Sunday, 2 May 2010

Ruby Unit Testing

Ruby has a built-in unit testing facility, Test::Unit. To use it, create a new file, and define a class that inherits from Test::Unit::TestCase. This is best done in a separate folder, by the way, so you can easily release your project without the unit tests (Rails sets this all up for yu by the way).
# Load in the unit test classes
require 'test/unit'
# Load in your class to be tested
require 'things'

class ThingsTest < Test::Unit::TestCase

def setup
# Set up some test conditions here
# This will be invoked before each test

def teardown
# This will be invoked after each test
# Use to close connections, etc.

You will also need to define your tests. Each test goes in its own method, the name of which must begin "test" (as Ruby will search your class for such methods for testing).
def test_thing_creates_okay
# assertions

There are several assertions you can use to test the results. Here are some of the more common ones:
assert_equal      # Compares two objects
assert # Tests for true
assert_nil # Tests for nil
assert_raise # Tests an exception is thrown
assert_in_delta # Test two floats are within a given amount

Rails (since about 2.2) uses a different format for tests:
test "Thing creates okay" do
# assertions

The end result is the same. In Rails, test is a method that dynaally defines a method (in this case called "test_thing_creates_okay") with the given block.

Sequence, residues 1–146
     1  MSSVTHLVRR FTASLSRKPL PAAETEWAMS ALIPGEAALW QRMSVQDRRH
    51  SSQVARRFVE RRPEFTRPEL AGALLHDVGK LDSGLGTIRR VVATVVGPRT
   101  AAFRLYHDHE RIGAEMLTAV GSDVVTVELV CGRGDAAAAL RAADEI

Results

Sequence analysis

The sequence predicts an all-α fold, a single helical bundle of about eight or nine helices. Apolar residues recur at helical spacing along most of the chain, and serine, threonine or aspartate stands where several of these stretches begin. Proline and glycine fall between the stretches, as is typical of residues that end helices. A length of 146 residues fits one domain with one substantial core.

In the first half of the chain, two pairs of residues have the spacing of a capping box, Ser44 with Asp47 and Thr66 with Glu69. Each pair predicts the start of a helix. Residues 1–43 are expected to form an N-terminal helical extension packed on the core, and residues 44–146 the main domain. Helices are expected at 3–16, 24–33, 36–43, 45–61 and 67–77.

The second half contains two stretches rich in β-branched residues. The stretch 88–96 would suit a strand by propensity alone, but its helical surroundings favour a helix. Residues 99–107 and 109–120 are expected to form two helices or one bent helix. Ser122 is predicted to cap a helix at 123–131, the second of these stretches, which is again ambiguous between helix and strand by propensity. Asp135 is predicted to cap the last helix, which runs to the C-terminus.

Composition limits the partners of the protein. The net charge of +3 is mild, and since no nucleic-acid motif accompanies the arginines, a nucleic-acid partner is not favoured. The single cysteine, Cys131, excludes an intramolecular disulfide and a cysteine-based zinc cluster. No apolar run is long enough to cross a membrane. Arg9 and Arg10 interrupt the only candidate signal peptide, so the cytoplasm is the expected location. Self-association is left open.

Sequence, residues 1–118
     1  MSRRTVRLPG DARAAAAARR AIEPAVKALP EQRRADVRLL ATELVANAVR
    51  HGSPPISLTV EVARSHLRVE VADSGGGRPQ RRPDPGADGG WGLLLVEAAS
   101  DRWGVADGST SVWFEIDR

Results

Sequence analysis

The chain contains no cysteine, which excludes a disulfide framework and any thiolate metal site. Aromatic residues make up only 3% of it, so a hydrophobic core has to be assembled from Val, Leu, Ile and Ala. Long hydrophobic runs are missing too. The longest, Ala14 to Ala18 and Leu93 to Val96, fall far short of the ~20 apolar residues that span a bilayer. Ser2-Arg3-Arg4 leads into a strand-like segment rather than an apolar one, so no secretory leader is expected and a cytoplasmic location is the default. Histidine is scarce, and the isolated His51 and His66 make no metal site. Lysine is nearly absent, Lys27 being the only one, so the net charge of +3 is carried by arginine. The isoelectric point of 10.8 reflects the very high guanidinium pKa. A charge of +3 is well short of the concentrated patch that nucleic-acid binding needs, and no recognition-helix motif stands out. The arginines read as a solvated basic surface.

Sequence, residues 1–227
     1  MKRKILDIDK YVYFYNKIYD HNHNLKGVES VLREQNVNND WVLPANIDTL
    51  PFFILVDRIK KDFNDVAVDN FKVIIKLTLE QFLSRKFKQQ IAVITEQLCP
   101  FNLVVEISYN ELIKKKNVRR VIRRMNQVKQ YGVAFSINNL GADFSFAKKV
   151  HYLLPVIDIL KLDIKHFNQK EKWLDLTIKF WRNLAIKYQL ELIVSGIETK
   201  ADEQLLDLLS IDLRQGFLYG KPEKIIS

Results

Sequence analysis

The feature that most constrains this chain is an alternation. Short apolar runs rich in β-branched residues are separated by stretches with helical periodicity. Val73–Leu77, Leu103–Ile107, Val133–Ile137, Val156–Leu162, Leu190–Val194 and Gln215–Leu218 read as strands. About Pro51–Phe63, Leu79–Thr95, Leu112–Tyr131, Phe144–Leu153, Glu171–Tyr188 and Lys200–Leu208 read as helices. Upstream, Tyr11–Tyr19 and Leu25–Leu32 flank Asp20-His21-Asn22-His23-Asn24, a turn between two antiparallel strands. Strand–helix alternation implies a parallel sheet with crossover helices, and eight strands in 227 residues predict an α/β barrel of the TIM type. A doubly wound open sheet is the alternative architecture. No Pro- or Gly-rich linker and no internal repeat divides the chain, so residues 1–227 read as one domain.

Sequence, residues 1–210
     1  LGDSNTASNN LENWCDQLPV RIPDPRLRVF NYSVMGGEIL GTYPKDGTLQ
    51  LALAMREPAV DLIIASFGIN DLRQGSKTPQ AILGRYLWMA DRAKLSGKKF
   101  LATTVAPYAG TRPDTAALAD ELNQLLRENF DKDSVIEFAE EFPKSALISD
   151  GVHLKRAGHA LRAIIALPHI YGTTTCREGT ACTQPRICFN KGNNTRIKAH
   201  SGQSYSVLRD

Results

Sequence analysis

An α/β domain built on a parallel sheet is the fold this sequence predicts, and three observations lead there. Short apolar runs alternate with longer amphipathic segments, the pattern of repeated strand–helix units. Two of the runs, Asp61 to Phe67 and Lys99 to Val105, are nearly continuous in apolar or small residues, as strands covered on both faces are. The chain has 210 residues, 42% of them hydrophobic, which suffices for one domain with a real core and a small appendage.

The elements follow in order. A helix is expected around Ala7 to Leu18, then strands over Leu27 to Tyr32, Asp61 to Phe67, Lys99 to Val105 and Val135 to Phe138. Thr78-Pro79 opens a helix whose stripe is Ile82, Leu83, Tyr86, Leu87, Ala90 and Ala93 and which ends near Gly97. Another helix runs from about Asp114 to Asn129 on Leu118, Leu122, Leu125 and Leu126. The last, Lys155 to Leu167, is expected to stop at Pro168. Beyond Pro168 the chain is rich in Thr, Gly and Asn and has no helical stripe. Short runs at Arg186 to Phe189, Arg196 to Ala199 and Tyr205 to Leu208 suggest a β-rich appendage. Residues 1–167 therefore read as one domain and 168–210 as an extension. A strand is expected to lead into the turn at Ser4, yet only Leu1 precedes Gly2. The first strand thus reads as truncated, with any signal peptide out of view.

Running Tests

If you are using NetBeans you can run a test simply by right clicking on the file being tested, and selecting test. NetBeans can work out which the relevant test is as long as it is named conventionally (eg the test for things.rb would be things_test.rb). Alternatively, you can right click on the test file, and selecting test or run.

To test from the command prompt, simply run the test file through ruby (eg ruby things_test.rb; if you are using JRuby, do jruby things_test.rb).

For a big project, you can collect all your tests together to form a test suite. Just create a Ruby file that requires each of the tests in turn, and run that through Ruby. Alternativerly, put this in your test suite, and it will automatically go though every file in that folder that has a name ending "_test.rb".
files = Dir.entries(File.dirname(__FILE__)).select do |file|
file =~ /_test.rb$/
files.each { |file| require file }

Testing private methods and variables

Here is a trivial class with an instance variable and a private method.
class UnitTestee
def initialize x
@val = x


def do_stuff y
@val * @val * y

I can test the private method using send, like this:
def test_do_stuff
@ut = 12
assert_equal 12 * 12 * 5, @ut.send(:do_stuff, 5)

Note that I have left Ruby to calculate 12 * 12 * 5; not only does this save me doing it, it makes it clearer where the number comes from (even better to use named constants, of course).

To access the instance variable, I can define a new method. Doing that in my test file means that the new method is not part of the API. Here is one way to do it (there are others):
def test_variable
@ut = 12
eval "def @ut.get_val; @val; end"
assert_equal 12, @ut.get_val


Test files often include something like this at the start:
$:.unshift File.join(File.dirname(__FILE__),'..','lib')

This simply adds the code folder (called "lib" here) to the load path, so Ruby can find the file to be tested.

Struggling with Ruby: Contents Page

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